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President Obama's top science adviser has toyed with extreme measures of population control, even suggesting in one book how to make it more publicly acceptable for the government to spike drinking water in order to sterilize people.
John P. Holdren, named as Mr. Obama's science "czar" earlier this year, described this in a book he wrote with Paul Ehrlich -- author of the "Population Bomb," which predicted masses would starve due to exploitation of resources through the 1980s -- about the world's rapidly increasing population. In the 1977 tome "Ecoscience: Population, Resources, Environment," Mr. Holdren and Mr. Ehrlich, in addition to Mr. Ehrlich's wife, Anne, considered various ways to keep growth in check.
Several selections from the book have been highlighted at blogs critical of Mr. Holdren, particularly passages that appear to advocate sterilization, forced abortions and consideration of an "armed international organization, a global analogue of a police force" for population enforcement capabilities.
Although controversial, Mr. Holdren and the Ehrlichs argued such policies "could be sustained under the existing Constitution if the population crisis became sufficiently severe to endanger the society," in a section titled "Population Law."
At one point, the scientists discussed the benefits of a future sterilization mechanism that "could be implanted at puberty and might be removable, with official permission for a limited number of births."
Later, the writers considered putting sterlization additives into drinking water and foods, acknowledging the notion "seems to horrify people more than most proposals for involuntary fertility control," but speculating that the public would be more open to it if developers could guarantee it was "free of dangerous or unpleasant side effects; and it must have no effect on members of the opposite sex, children, old people, pets, or livestock."
Other ideas bandied about to lower the population included giving incentives to encourage late marriage and childlessness, such as a bonus for women who put off marriage until they are older than 25 and lotteries for childless adults, because, according to the authors, "Social pressures on both men and women to marry and have children must be removed."
When asked whether Mr. Holdren's thoughts on population control have changed over the years, his staff gave The Washington Times a statement that said, "This material is from a three-decade-old, three-author college textbook. Dr. Holdren addressed this issue during his confirmation when he said he does not believe that determining optimal population is a proper role of government. Dr. Holdren is not and never has been an advocate for policies of forced sterilization."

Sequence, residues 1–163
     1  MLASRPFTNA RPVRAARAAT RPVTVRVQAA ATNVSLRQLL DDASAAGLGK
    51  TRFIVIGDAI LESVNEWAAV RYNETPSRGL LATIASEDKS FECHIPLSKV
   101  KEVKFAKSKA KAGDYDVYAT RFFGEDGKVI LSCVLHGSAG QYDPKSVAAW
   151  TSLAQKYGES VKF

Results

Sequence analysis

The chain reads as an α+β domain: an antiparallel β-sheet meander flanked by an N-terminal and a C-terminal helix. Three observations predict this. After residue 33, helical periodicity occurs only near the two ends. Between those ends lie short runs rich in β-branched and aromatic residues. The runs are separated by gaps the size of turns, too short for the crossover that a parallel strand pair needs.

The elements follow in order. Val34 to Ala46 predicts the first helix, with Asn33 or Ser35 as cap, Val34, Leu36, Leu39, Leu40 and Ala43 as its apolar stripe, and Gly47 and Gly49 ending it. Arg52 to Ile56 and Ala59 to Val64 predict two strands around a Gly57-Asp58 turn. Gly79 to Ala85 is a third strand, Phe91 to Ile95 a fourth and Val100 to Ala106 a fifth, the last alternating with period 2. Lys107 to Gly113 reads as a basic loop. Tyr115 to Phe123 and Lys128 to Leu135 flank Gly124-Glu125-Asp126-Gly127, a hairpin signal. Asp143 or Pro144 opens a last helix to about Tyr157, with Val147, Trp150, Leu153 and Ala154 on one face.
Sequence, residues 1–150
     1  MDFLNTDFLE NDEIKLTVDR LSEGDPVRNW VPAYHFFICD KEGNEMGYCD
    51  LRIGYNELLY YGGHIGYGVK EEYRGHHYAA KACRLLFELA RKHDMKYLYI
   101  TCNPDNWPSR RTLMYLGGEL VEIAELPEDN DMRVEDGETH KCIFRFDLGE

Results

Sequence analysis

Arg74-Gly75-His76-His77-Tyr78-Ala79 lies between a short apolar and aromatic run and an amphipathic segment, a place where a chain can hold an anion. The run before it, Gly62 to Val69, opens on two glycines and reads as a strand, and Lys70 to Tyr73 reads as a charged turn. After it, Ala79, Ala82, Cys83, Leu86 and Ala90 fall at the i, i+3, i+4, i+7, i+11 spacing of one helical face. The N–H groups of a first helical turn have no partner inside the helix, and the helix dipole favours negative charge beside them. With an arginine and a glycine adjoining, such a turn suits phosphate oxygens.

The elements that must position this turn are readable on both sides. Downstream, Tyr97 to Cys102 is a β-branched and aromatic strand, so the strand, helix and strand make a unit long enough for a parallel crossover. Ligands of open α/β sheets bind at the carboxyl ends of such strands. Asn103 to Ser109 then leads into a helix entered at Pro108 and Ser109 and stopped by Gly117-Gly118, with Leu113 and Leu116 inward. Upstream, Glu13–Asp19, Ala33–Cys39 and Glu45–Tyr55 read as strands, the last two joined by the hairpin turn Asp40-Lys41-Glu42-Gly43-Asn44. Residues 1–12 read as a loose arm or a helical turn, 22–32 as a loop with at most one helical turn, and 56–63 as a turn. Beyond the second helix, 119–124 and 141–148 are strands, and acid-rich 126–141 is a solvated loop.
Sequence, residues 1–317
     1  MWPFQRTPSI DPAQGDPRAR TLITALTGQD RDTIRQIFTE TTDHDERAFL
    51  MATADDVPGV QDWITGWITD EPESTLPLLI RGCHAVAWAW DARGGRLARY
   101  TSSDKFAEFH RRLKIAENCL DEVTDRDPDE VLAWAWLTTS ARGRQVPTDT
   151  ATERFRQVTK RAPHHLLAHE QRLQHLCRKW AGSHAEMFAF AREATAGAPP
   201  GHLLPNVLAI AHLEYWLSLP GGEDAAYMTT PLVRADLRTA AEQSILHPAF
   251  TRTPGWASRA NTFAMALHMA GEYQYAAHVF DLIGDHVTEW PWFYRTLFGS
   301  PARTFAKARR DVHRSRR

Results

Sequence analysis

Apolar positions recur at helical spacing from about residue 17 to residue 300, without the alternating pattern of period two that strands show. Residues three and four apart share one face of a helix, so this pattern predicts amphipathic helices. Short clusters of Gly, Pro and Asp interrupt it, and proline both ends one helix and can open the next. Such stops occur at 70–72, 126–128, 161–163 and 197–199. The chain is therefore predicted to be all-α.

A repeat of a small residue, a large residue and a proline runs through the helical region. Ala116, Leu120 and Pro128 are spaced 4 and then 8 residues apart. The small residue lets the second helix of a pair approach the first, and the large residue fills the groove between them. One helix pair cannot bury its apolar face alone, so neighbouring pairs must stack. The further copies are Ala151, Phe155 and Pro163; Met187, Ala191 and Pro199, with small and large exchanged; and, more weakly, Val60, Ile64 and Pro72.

Sen. David Vitter, Louisiana Republican, did ask Mr. Holdren during his confirmation whether he thought "determining optimal population is a proper role of the government." Mr. Holdren said he did not.
The White House also passed along a statement from the Ehrlichs that said, in part, "anybody who actually wants to know what we and/or Professor Holdren believe and recommend about these matters would presumably read some of the dozens of publications that we and he separately have produced in more recent times, rather than going back a third of a century to find some formulations in an encyclopedic textbook where description can be misrepresented as endorsement."
Obama and abortion
Pro-life Republicans think President Obama's health care plan is certain to cover abortion unless Congress specifically bars it from being included in the legislation now being drafted for the government-sponsored program.
Other government health programs have covered abortion until Congress instructed them otherwise. Critics cite previous bouts with Medicaid and Indian Health Services as the top examples of this.
Medicaid covered abortion from 1973 to 1976 until Congress, led by Republican former Rep. Henry J. Hyde of Illinois, changed Medicaid rules to prohibit it from doing so. Congress needed to make similar legislative changes after the fact to stop Indian Health Services from providing abortion as well.
"In both of these cases, explicit exclusions had to be added to ensure that taxpayers would not have to continue to pay for abortions," said Republican Rep. Joe Pitts, Pennsylvania Republican, at a Tuesday press conference organized to draw attention to the potential prob- lem with Mr. Obama's plan.
"The issue here is clear: If abortion is not explicitly excluded, it is implicitly included," he said.
Two bills are currently being moved, one through the Senate and another through the House as a part of the White House's fast-track strategy for the bill. National Right to Life Director Douglas Johnson said, "The pro-life movement needs to go to Threat-Level-Red status on this," pointing out that the Senate's health care committee last week rejected amendments that would strip abortion accommodations from the bill.
But the pro-lifers do have some Democrats on their side. Nineteen House Democrats wrote to House Speaker Nancy Pelosi in late June to say, "We cannot support any health care reform proposal unless it explicitly excludes abortion from the scope of any government-defined or subsidized health insurance plan."
Among the Democrats signing were Reps. Dan Boren of Oklahoma, Bart Stupak of Michigan, and John P. Murtha of Pennsylvania.
• Amanda Carpenter can be reached at acarpenter@ washingtontimes.com.
About the Author
Amanda Carpenter writes the daily “Hot Button” column for The Washington Times. She was formerly a national political reporter for Townhall.com, the leading online publication for news, opinion and talk. Prior to that, she was a reporter for Human Events. Ms. Carpenter has made numerous media appearances that include segments on the Fox News, CNN, MSNBC, CNBC, BBC and other ...
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